DISC profiles are a great way to see beyond the surface and recognize when there are large gaps between adapted and natural DISC styles. The greater the gap the more energy the individual is expending to reach the adapted behavior. If all four DISC behavior categories are adapting above the line then the person may be feeling forced to be “all things to everybody” – a constant state of crisis. Understanding the DISC profiles gives you a tool to diagnose the situation and take steps tailored to the individual’s causes of stress as indicated by their behavioral profile.

For a quick understanding of what stresses out people with certain DISC profiles check out our previous observations in The World According to DISC: Stress Someone Out in Style and The World According to DISC: The Low Side of Stress Styles.

Understanding DISC Profiles: Productive or Procrastinating?

Friday, September 17th, 2010

Everyone procrastinates from time to time, but do all DISC profiles procrastinate the same way?

The person with a high D DISC profile is associated with adjectives like decisive, strong-willed, goal-oriented, and bold. Many things that others might allow to become subjects of procrastination, the high D won’t because of a behavioral bias toward decisive action. If something is not moving toward a goal it is likely to be dismissed, or delegated to another to accomplish. If it is moving a goal forward then it will probably be acted on immediately – the fear and doubt which may cause others to stall on a task isn’t usually a problem for the bold D. However, if a high D is avoiding something due to an emotional conflict or a misalignment with personal motivations, he or she is more likely to displace the task with other activities than to stall out and do nothing.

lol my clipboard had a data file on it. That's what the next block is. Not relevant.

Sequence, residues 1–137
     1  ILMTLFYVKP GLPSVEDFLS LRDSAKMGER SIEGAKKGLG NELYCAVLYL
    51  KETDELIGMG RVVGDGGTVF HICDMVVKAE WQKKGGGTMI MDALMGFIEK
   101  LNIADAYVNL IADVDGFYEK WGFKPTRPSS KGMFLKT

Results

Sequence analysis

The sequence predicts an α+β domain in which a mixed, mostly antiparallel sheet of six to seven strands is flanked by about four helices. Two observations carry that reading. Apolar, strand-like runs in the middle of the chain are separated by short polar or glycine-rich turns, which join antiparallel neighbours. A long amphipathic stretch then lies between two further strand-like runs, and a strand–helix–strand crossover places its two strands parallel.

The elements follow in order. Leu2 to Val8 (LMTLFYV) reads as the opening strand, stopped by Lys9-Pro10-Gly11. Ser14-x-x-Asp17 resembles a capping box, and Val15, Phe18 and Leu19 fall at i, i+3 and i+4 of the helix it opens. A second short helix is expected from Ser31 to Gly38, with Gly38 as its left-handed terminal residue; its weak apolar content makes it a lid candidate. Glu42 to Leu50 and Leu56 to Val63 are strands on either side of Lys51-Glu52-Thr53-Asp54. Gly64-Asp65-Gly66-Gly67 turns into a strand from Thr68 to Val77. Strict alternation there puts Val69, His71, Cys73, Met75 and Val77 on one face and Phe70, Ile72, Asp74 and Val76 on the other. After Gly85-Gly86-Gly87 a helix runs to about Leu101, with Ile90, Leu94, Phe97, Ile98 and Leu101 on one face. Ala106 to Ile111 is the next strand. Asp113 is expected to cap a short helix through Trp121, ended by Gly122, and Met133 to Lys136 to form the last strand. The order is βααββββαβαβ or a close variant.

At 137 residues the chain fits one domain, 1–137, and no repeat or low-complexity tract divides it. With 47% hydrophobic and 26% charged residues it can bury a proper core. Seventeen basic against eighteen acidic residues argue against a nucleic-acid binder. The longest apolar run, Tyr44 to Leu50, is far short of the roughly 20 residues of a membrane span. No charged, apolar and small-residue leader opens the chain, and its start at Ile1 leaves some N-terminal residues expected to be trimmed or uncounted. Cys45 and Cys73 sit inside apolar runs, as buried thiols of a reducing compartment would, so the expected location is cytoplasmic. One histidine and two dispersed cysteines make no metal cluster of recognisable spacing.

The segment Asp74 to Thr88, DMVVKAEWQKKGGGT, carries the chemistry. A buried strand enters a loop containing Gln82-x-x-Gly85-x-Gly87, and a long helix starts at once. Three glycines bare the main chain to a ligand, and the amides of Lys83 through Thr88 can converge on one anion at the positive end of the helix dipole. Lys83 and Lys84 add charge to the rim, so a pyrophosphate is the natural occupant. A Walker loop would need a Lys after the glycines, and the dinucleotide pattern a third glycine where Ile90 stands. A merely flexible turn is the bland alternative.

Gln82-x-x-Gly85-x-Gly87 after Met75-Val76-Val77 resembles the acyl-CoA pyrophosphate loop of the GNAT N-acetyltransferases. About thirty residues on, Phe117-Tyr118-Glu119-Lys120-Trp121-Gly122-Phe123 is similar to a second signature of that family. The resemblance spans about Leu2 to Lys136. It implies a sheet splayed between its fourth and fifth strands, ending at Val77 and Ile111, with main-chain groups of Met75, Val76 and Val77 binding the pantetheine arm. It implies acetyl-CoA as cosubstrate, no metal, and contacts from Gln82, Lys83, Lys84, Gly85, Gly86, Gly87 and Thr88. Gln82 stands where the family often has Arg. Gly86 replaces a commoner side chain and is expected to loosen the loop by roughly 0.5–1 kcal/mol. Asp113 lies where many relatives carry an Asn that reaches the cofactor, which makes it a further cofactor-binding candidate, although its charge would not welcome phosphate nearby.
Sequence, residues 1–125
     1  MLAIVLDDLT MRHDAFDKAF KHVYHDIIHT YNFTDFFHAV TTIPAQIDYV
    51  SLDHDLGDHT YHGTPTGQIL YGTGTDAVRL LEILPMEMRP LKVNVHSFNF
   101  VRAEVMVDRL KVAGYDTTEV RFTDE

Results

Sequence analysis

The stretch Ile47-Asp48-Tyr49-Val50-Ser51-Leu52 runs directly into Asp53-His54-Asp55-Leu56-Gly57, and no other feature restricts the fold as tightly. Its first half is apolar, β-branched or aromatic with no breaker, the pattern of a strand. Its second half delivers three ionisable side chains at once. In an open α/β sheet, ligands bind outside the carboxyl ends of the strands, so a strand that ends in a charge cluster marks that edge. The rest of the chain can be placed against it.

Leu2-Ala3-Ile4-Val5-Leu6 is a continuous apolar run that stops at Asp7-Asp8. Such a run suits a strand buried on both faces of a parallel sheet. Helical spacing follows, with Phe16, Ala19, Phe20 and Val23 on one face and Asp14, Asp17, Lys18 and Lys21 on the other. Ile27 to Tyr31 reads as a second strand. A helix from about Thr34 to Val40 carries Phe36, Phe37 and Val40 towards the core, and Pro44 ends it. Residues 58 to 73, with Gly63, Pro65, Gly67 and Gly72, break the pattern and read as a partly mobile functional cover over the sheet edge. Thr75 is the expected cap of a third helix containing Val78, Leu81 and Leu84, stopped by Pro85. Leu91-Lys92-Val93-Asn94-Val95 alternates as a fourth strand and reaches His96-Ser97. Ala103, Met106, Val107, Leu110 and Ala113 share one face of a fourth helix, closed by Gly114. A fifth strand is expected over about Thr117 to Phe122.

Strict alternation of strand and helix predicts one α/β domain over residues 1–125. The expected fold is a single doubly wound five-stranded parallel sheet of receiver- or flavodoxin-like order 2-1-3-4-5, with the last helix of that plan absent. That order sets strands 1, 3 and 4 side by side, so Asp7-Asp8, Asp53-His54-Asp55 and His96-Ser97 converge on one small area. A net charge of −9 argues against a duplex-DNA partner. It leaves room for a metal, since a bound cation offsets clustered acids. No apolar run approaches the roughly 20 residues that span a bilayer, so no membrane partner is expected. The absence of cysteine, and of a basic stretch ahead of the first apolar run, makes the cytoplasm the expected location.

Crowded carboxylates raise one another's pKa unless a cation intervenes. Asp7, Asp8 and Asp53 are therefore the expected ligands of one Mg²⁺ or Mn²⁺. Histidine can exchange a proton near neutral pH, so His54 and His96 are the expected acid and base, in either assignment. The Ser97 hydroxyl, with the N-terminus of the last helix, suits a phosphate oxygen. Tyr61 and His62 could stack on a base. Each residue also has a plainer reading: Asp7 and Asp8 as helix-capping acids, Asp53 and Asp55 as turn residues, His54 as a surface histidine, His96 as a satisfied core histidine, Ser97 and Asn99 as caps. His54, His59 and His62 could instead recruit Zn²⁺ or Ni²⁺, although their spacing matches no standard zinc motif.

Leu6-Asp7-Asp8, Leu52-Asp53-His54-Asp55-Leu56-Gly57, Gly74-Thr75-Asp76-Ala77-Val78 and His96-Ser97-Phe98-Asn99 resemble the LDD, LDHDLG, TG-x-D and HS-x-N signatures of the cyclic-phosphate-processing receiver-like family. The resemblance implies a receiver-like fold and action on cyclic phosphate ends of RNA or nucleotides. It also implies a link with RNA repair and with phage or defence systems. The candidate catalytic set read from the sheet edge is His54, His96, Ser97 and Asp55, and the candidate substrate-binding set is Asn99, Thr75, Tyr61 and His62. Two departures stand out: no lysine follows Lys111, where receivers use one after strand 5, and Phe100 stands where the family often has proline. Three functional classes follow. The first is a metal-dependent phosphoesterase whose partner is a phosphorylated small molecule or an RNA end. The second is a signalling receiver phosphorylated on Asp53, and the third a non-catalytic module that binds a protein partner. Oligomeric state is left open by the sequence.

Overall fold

A person whose DISC profile indicates a high I is associated with words like flamboyant, gregarious, pleasing, political, enthusiastic and superficial. Distraction is often more the cause of lapses in productivity for this individual rather than procrastination, however, if a task requires working alone, in seclusion, or is something that is perceived of as not fun or popular, then it is far more likely to be avoided by the high I. When confronted with an undesirable activity the high I will often seek comfort through interaction with others, which can cause a losing track of time – a form of unintentional avoidance. The high I will almost always procrastinate when it comes to chores like giving people bad news or disciplining others – they avoid things that might cause the other person to have a negative reaction to them.